Baserunning. Both rWAR and fWAR includes base running, although they use different metrics. fWAR uses Ultimate Base Running (UBR) & Weighted Stolen Base Runs (wSB), while rWAR uses their own linear-weights-based system.
According to Baseball Reference’s highly-scientific “Fan Elo Rater,” Trout is already the 301st best hitter in MLB history, just ahead of Andres Galarraga. (Of course, I just rated Zack Greinke better than Wilbur Wood without looking at stats or doing any kind of in depth thinking required for such a groundbreaking test of statistical and performance perpetuity.) Read more…
With the exception of the end-year roundup I did for my fantasy league last year (that all of 14 people read), I can’t really offer any proof that I called Anthony Rizzo’s breakout season by pointing at his 2013 poor BABiP and good line drive rate.
But what I can do is say that Mike Moustakas is going to be fairly valuable next year. I don’t mean like top-5 third baseman valuable, but I do mean that he could enjoy a pretty nice 2015 that could help your fantasy team for pennies on the dollar.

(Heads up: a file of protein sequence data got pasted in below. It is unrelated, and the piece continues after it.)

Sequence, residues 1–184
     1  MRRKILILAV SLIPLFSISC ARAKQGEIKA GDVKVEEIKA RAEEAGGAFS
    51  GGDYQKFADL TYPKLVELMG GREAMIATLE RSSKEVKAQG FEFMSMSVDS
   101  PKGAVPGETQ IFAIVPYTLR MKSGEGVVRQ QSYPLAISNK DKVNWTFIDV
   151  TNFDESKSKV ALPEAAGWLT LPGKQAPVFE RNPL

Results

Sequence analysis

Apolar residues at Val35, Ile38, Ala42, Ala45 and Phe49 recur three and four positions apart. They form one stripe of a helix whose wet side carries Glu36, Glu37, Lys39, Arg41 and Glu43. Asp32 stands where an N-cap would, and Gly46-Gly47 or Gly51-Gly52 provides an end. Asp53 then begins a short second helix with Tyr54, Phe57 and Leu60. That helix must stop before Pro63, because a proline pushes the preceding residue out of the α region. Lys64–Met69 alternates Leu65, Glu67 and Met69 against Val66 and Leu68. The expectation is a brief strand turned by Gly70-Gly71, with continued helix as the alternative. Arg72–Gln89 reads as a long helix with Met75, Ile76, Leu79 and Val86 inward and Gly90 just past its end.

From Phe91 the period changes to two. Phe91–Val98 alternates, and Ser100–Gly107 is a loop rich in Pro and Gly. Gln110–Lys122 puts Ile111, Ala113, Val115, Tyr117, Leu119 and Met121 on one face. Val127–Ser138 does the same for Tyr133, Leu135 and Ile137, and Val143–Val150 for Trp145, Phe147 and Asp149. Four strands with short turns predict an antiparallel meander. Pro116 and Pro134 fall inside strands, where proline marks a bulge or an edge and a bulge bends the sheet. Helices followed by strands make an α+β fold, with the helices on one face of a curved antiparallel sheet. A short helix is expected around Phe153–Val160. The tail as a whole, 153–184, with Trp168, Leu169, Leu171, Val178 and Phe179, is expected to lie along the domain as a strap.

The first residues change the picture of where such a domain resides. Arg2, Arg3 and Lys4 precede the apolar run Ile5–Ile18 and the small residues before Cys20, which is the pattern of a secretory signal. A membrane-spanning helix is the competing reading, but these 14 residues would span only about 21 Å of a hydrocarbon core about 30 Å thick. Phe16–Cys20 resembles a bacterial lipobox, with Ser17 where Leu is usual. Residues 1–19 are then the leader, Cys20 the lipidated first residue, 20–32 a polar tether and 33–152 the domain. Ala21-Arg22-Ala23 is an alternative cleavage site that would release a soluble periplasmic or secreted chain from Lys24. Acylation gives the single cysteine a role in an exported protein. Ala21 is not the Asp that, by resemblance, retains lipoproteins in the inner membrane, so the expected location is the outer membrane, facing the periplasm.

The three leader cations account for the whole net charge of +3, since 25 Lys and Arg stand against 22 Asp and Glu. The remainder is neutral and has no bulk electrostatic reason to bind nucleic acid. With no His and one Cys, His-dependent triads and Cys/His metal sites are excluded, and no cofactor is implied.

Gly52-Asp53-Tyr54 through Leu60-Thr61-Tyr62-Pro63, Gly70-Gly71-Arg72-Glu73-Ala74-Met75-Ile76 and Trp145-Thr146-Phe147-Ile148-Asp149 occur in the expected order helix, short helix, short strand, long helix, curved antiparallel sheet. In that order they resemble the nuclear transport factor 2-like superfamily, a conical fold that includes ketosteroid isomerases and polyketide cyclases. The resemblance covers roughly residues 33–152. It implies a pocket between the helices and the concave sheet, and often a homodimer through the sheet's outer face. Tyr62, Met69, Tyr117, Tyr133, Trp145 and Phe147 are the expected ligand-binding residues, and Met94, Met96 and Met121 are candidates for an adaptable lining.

Let’s start with his BABiP, which is by no means a tell-all, but could be fairly useful. His batting average on balls in play (all stats as of today, August 27th) is .206. Among players with 350 plate appearances, that’s the worst mark by 19 points. The two players above Moose are Mark Reynolds and Chris Davis, each of whom strike out one every three or four at-bats. Which leads me to my second point. Read more…
I had a Ken Griffey Jr. poster on my wall when I was in middle school. His rookie, maybe sophomore year, Sports Illustrated released a bunch of posters of him, each showing Griffey at the end of his swing, one of the sweetest in baseball history, tracing the invisible ball’s trajectory. Griffey was a delight to watch. His hat backwards, his smile, his gregariousness permeating his on- and off-field interactions, his nickname, “The Kid,” the perfect moniker encapsulating how he made sportswriters and fans feel when they watched him play. Of course, I was a kid, so he didn’t make me feel nostalgic or all waxy-poetic, but he was a favorite. Even in New York in the early ‘90s, where Seattle games weren’t on any kind of news reports. Read more…
Ramon Ortiz was a journeyman pitcher, with a lifetime 87-86 record, a below average ERA, and a 5.7 lifetime Wins Above Replacement. He had one good season under his belt, his 2002 campaign with the Anaheim Angels, when he won 15 games, notched 162 strikeouts, had a 3.1 WAR, and a 3.77 ERA (which, during the steroid era, was still much better than average). He never made an All-Star game, bounced around in a bunch of minor league levels, pitched in Japan, and ultimately signed contracts with ten different MLB franchises. Read more…